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The Elephanta Caves

The Elephanta Caves , located on Elephanta Island, or Gharapuri, about 11 Km off the coast of the Gateway of India, Mumbai, are a UNESCO World Heritage Site. A visit to these caves, excavated probably in the 6 th century CE, is awe-inspiring, and also thought-provoking. Over the years, I have visited the caves a number of times, and also attended a number of talks by experts in the fields of art, history and archaeology on the caves. Together, they help me understand these caves, their art, and the people they were created for, just a little bit better. Every new visit, every new talk, every new article I read about the caves, fleshes out the image of what the island and the caves would have been like, at their peak. I last wrote about the caves on this blog, in 2011, almost exactly 11 years ago. Since then, my understanding of the caves has, I would like to think, marginally improved. Hence this attempt to write a new and updated post, trying to bring to life, the caves of Elephan

Karthikai -2009 - Bharani Deepam

Karthik – the word signifies many things – the 8th month of the Hindu calendar, and also the 3rd Nakshatram, or star, according to the Indian system of astrology. Most of all, it is one of the names of Muruga, the son of Shiva and Parvati, a name he earned, having been nurtured by the Krittikas – 6 young girls born under the Karthik star, who picked up the 6 babies born of Shiva’s sparks from the river ganga, and who merged to take the form of Karthikeya.

Karthikai Deepam is a festival celebrating this event, falling in the Karthik month on the day when the Karthik star shines above us. It is, in a way, the south Indian equivalent of Diwali, for we celebrate this day by lighting lamps all over our house.

The first day of the festival falls on the day when the ascendant star is Bharani, and is hence called “Bharani Deepam”. In our house, it is this day which is special, and we prepare a special confection of Nell Pori (paddy flakes) and Aval Pori (puffed paddy flakes). For dinner, we also make Adai (a thicker variety of Dosa) with whole grains.

Here are my pics of the celebrations – mostly my kolam with the lamps…….  Sorry for not taking any more pics, but we were rather busy with Samhith’s classes, and had no time for more…….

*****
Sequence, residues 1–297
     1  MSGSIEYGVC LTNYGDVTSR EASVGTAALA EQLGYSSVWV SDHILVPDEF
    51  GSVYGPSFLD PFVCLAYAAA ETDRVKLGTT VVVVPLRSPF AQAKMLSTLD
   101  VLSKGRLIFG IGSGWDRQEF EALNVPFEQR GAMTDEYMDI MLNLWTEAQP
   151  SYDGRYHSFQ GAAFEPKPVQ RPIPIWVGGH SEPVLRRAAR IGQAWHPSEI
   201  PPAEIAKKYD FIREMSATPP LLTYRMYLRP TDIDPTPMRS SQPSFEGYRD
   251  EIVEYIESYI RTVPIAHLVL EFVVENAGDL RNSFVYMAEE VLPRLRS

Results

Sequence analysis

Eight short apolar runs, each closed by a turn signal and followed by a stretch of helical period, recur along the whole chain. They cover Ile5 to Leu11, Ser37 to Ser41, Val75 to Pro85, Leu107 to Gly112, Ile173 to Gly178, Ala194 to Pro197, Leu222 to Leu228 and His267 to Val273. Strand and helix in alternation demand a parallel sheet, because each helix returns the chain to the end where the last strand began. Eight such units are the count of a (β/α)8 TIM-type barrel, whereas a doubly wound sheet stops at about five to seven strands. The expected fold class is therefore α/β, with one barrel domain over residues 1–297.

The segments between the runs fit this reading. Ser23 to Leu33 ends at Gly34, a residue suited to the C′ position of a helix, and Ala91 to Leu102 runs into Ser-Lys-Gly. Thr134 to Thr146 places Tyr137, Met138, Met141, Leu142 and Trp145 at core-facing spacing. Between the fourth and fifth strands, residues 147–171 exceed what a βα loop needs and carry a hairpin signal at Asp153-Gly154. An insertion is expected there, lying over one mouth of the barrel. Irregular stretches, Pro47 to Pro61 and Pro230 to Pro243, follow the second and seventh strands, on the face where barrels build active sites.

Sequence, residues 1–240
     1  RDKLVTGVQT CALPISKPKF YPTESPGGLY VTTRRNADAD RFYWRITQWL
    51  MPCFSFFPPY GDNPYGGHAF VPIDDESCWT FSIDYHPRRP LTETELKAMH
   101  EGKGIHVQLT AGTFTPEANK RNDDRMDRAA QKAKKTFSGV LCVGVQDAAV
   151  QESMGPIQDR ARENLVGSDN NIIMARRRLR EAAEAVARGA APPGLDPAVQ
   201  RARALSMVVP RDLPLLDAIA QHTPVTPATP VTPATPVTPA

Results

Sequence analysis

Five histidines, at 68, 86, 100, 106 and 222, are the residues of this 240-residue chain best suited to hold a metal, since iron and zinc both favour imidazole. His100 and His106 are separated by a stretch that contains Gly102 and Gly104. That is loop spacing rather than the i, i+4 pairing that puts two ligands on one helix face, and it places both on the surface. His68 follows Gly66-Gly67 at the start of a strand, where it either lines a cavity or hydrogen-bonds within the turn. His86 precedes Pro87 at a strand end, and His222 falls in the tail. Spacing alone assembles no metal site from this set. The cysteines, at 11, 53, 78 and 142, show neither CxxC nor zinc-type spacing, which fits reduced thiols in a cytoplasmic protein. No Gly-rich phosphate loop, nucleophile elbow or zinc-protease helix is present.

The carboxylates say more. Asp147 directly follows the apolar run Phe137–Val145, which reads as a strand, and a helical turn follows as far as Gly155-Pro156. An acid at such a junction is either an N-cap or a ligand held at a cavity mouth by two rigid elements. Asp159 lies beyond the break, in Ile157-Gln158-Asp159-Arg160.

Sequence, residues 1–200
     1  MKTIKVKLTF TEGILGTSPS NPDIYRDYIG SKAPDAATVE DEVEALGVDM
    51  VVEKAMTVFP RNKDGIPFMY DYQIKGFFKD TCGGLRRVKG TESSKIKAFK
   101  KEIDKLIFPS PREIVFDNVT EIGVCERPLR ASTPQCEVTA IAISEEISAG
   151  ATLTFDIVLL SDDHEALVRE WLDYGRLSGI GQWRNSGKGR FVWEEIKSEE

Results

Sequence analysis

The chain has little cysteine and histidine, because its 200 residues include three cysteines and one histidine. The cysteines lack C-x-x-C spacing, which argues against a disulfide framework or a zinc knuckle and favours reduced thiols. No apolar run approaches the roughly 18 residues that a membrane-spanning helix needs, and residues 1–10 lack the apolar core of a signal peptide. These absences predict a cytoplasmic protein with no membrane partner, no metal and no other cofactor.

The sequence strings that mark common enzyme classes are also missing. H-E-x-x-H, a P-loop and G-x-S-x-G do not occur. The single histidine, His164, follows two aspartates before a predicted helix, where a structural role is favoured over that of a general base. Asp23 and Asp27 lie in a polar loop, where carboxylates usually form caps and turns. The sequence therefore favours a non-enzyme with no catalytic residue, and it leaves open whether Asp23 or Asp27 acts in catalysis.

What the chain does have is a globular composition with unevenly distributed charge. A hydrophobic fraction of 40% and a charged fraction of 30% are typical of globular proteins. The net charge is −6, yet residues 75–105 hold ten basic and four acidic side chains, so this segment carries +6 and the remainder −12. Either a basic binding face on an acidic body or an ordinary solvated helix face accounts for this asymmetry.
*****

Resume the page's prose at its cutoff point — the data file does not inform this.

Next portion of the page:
Meanwhile, today is Annamalai Deepam, the main day of the festival, where a huge lamp is lit on the Arunachala hill at Thiruvannamalai. We shall wait for the live coverage of the lamp being lit (on Podhigai TV) and then light our own lamps, hoping that someday, we shall be able to see the light directly rather than on TV.

There are quite a few videos of the Deepam on You-Tube, but I found an interesting blog, Living in the embrace of Arunachala , where the author, Richard Clarke, who lives with his wife in the holy town gives a day-by-day account of the festival. The narrative is interesting as well as a visual treat….. Do check it out….


  1. You know so much about the festivals!

  2. Felt like I had visited home!

    I love the nell pori..I am so grateful for being a reader of your blog . Thanks so much for the post about the festivel, the signifcance and photos, The lamps looks beautiful.

    I pray to Annamalayar to shower ur family with his choicest blessings.Wishing you a trip to thirvannamalai soon.

  3. Beautiful Pictures..And I agree with know much about the festivals :)

  4. @ Mridula : well, guess i ought to know, considering my mother and mother-in-law are festival experts, both perform so many pujas and celebrate so many festivals.. grew up with one and found myself in a house with another one..... so by now, its part of me... :-))

    @ Sri : thanks so much!! i have been to thiruvannamalai thrice, but would welcome any chance to visit it.....

    @ Tarun : thanks a lot!

  5. Hi Anu...
    Happpy karthigai deepam to you too....

    Jus lit all velakkus and now waiting to dig into pori... love eeeeet :)

  6. Nice pictures Anu.
    i watched the Arunachala jyoti yesterday. While the jyoti was lit and the Lord made an entry as the Ardhanareeshwara tears were rolling down my eyes.A great moment indeed!


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